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The Discovery Process Explained:

“Discovery” is a legal process designed to facilitate the gathering of information before a civil trial is undertaken. Discovery is the formal pre-trial phase in which parties to a suit can obtain evidence from the opposing side by means of discovery devices, including requests for production of documents, requests for answers to inquiries or requests for admissions and depositions.

Discovery is commonly applied to divorce proceedings. During this pre-trial phase, an individual is awarded several mechanisms to gain evidence or information from the other party before going to court. Typically, civil hearings do not evolve beyond the discovery phase; the exchange of information during the discovery process will illuminate on the case and in essence, forecast the result. Because of this, party’s will likely engage in an out-of-court settlement to avoid legal fees and a costly trial.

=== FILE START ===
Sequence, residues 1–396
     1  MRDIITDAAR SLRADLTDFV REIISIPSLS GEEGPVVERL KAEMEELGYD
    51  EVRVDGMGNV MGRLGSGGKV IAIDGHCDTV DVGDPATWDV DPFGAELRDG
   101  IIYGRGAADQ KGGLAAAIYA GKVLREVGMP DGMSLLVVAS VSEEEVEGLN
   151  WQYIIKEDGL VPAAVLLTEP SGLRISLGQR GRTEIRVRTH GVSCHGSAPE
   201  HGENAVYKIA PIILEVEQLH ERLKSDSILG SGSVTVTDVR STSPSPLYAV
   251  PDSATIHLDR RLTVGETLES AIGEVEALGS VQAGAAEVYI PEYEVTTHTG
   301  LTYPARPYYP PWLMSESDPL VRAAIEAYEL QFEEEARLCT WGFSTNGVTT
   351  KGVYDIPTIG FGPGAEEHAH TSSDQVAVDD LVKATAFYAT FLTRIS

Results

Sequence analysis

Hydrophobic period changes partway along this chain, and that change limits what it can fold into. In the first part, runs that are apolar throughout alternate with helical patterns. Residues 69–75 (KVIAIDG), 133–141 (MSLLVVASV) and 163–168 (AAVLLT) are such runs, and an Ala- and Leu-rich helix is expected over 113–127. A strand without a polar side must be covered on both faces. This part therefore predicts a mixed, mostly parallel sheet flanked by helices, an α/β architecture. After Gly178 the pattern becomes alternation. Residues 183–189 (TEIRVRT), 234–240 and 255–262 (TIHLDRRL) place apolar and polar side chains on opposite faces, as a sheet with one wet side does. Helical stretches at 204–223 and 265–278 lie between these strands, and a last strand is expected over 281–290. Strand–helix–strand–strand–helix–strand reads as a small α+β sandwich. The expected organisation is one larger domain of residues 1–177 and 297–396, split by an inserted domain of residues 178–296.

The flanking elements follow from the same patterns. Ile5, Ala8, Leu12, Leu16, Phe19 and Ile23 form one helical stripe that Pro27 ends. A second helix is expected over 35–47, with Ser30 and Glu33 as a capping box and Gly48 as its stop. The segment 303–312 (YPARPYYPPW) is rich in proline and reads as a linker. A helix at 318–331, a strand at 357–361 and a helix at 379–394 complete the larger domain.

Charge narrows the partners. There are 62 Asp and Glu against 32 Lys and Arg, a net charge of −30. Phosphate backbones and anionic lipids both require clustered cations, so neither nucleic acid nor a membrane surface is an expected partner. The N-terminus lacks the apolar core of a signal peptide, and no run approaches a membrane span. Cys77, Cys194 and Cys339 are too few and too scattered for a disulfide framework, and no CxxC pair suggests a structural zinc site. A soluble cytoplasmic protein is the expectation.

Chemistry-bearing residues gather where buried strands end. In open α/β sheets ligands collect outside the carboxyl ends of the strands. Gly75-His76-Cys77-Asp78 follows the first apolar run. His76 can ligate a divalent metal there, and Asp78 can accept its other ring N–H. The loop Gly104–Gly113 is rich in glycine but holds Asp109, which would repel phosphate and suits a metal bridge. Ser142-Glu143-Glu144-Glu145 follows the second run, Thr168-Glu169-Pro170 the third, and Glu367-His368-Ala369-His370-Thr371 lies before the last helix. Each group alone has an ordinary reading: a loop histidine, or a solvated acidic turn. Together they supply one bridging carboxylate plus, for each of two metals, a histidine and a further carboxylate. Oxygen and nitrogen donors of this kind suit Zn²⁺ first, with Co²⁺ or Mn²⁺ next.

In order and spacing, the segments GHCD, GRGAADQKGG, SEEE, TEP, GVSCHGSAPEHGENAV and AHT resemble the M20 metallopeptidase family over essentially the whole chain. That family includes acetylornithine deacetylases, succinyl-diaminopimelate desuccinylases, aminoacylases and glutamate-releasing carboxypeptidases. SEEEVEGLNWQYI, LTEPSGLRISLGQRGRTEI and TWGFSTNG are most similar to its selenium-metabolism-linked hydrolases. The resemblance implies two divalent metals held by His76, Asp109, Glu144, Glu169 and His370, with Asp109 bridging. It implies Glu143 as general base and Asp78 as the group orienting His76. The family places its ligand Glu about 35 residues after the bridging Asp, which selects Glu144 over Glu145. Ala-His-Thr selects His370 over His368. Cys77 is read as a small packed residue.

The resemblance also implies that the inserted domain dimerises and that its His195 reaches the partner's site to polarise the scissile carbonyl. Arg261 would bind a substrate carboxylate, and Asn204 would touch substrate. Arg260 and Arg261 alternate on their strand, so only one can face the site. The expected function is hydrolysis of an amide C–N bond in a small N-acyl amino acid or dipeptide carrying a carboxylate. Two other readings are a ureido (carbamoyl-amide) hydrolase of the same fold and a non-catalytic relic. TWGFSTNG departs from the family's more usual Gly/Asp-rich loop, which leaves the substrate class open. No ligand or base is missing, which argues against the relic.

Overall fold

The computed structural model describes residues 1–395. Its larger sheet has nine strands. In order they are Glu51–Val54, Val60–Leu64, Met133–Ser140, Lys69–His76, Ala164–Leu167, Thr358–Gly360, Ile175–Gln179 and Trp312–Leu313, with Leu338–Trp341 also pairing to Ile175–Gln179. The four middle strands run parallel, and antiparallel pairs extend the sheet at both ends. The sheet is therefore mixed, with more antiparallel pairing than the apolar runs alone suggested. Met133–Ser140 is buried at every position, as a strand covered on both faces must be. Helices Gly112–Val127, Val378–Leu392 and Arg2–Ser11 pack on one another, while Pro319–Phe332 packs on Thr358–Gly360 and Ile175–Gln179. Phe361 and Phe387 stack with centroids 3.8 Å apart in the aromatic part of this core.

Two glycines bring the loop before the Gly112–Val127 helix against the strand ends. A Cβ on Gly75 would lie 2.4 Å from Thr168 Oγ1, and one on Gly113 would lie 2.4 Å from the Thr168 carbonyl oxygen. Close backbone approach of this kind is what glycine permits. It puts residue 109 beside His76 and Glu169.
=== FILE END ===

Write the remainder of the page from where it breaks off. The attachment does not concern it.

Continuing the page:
Although individual states and their laws vary during the discovery process, the steps below are common and will typically become a part of a divorce or other civil hearing.

The Disclosure Process: This portion of the discovery process requires both parties to request certain items from the other party. The list of items is sent to the opposing party, who is responsible for responding within 30 days.

Interrogatory Phase: This portion of the discovery process requires one side to send a list of questions to other side concerning the case. Most states will set constraints regarding the number of questions and the allotted time to produce a response.

Admission of Fact: This mechanism in the discovery process is a written list of facts that is delivered to the other party. The party who receives this list is formally asked to either admit or deny each fact on the document.

Request for Production: This portion of the discovery process is used to obtain documents from the opposing party. Common documents requested in this phase include: bank statements, tax returns, bank statements, information concerning a mortgage, testimonies etc.

Depositions: During this portion of the discovery process, a party will take a sworn testimony from the opposing party and any witnesses involved in the case. Any information said during this process can be used in the subsequent hearing should an agreement not be reached.

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